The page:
When you think startup ecosystem, it’s rather unlikely that you would think of Kazakhstan right away.
As the largest economy in Central Asia, the primary drivers of the country’s economy is its natural resources – apart from enormous oil reserves, they also have massive deposits of minerals and metals, as well as landscape that favours agriculture.
But while Kazakhstan is important to the global energy market as potentially the world’s largest oil producer, the country’s national strategic aspiration is to become a modernised, diverse economy that is well integrated with technology.
A national shift
A quick history lesson: During the Soviet period, Kazakhstan was largely agrarian and operating under the command economy of the former Soviet Union. Upon the disintegration of the Soviet Union, Kazakhstan has weathered through numerous economic, social, and environmental challenges as it established a democratic state with a market economy.
Today, Kazakhstan enjoys a ranking of 36th in the world for ease of doing business and 57th in global competitiveness.
And while still largely reliant on its oil sector, the recent announcement of President Nursultan Nazarbayev on the launch of the Digital Kazakhstan strategic programme is a huge step towards pushing for focus and growth in non-oil sectors.
Also read: A quick peek at Kazakhstan’s startup scene
Specifically, one of the key components of this programme is the development of the country’s startup ecosystem – a welcome support for the country’s fledgling startups as they begin to navigate not just the Kazakh market but opening up to the global business landscape.
Fanning the flames of global ambition
Landlocked and with a population of just over 17 million, Kazakhstan doesn’t seem like a favourable market for tech startups. Until you consider it’s geography and human capital.
Strategically located at the junction between Europe and Asia, Kazakh startups have the potential to access these two regions. The fact that foreign investment has been continually pouring into the country since it declared its independence in 1991 (albeit mainly for its oil and natural gas industries) means that the country is already in the radar of investors – they simply need to attract the right ones for their tech sector.
Easier said than done, especially since attracting investors is just one of the many challenges Kazakh startups are facing.
For the Kazakhstan startup ecosystem to grow, it has to address various issues like lack of entrepreneurial spirit that was a holdover from an era that discouraged entrepreneurship, poor infrastructure, and sparse talent.
These challenges are difficult to tackle, but one that the Kazakh government is addressing head on. With digitalisation a core component of the county’s economic strategy, the government’s startups development programmes give startups access to tools, resources, and opportunities to innovate at a globally competitive level.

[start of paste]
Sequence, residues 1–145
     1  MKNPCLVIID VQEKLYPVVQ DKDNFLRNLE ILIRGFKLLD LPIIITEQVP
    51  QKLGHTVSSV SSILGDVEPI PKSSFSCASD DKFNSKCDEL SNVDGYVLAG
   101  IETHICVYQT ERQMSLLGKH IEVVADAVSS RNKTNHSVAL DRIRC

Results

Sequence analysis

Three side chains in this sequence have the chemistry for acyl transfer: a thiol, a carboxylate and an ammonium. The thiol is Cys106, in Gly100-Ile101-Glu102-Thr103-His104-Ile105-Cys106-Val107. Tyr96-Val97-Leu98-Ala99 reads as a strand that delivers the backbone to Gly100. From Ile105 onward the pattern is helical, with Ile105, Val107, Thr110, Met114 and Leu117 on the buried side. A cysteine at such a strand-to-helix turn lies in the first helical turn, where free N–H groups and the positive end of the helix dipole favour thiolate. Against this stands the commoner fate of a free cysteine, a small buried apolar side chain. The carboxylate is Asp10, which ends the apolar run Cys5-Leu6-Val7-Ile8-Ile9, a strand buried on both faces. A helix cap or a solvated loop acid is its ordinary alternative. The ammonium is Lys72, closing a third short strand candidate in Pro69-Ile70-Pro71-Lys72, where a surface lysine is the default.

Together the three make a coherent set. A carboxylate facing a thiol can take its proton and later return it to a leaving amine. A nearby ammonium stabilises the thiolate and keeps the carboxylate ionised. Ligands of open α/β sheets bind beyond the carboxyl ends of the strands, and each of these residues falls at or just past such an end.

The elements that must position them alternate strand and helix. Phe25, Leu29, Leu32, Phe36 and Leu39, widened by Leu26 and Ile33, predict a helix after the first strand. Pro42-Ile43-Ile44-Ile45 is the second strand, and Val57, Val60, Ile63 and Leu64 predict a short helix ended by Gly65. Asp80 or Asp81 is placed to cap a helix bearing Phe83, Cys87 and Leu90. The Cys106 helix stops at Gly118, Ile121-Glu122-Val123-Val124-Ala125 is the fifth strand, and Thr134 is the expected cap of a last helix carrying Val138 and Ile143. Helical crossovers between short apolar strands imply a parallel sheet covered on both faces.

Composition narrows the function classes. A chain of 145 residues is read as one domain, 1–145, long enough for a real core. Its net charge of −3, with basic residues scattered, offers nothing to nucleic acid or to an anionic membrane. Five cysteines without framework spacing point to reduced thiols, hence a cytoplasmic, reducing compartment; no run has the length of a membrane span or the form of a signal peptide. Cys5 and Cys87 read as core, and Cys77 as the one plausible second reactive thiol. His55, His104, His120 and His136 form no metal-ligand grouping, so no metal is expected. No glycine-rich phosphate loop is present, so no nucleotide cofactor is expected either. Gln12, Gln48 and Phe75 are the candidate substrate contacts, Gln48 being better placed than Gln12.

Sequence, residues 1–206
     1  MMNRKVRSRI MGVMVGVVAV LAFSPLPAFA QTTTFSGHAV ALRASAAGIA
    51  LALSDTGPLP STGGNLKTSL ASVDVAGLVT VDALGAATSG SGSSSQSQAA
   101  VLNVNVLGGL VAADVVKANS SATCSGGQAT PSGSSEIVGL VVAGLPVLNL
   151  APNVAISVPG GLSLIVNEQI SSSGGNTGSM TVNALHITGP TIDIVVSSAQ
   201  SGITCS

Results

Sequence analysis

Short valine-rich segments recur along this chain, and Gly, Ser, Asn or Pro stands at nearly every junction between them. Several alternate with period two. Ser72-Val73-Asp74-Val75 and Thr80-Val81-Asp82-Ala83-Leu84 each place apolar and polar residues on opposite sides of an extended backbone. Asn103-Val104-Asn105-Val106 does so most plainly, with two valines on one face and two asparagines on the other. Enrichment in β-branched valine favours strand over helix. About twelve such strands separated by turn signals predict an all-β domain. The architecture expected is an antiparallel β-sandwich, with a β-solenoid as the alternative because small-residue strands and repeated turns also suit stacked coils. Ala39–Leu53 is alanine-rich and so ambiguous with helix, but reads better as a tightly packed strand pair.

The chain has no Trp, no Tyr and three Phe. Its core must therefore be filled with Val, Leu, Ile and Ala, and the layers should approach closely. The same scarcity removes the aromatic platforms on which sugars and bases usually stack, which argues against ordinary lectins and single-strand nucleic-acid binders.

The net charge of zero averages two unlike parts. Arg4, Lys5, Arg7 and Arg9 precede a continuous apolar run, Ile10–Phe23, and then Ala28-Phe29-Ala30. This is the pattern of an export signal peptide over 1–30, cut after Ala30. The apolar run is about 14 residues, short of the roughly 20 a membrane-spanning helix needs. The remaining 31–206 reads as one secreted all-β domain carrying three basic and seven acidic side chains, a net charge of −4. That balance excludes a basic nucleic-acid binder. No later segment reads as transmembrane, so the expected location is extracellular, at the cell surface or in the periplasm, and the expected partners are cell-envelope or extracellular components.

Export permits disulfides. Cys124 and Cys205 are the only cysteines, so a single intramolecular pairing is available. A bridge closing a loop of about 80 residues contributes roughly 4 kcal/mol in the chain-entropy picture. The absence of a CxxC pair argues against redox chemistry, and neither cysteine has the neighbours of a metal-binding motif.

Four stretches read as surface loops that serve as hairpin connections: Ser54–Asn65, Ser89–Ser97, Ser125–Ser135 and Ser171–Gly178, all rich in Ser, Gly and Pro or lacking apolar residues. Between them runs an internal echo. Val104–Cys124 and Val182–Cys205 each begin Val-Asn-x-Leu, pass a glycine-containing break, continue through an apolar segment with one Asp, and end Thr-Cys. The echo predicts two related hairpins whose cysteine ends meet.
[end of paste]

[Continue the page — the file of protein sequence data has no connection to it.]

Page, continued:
Through the N. Nazarbayev Foundation and Zerde National Infocommunication Holding, startups are being provided with the infrastructure and support that the need, empowering them to think beyond the local market and develop technologies with the potential to scale across borders.
Gaining a foothold
In recent years, more and more Kazakh startups are working on innovations that are globally competitive like artificial intelligence, blockchain, and VR. The country’s ecosystem has also steadily grown and are beginning to look into connecting with neighbouring regions. Southeast Asia became their gateway.
In 2014, five Kazakh startups showcased their products in Echelon, announcing to the world the presence of a burgeoning tech startup community open to connecting with Southeast Asia.
With a population of over 635 million across 10 countries as well as a rapidly growing digital economy and an active startup ecosystem, Southeast Asia offers a lot of opportunities for young and talented Kazakh startups to begin their global expansion. The region’s vibrant startups ecosystem and tech communities can help address the challenges that Kazakh startups are facing, all the while providing them with the resources and experience to go beyond local markets and adapt global-thinking.
This year, Echelon Asia Summit has once again become the platform for Kazakh startups to actively seek expansion into the region, showcasing their innovations for potential market, partnership, and funding opportunities.
So, you may not immediately think of Kazakhstan when you hear startup ecosystem right now. But given the focus that the country has given to the growth it’s startups, and said startups’ interest in accessing the Southeast Asia market, you soon will be.
N. Nazarbayev Foundation is the largest non-profit foundation in the country that carries out projects aimed at improving the competitiveness of human capital and creation of a new generation of Kazakhstanis.
Zerde National Infocommunication Holding is Kazakhstan’s largest state company created specifically for the development of infocommunication technologies.
Disclosure: This article is produced by e27 content marketing team, sponsored by Zerde.
Featured image credit: photo20ast / 123RF Stock Photo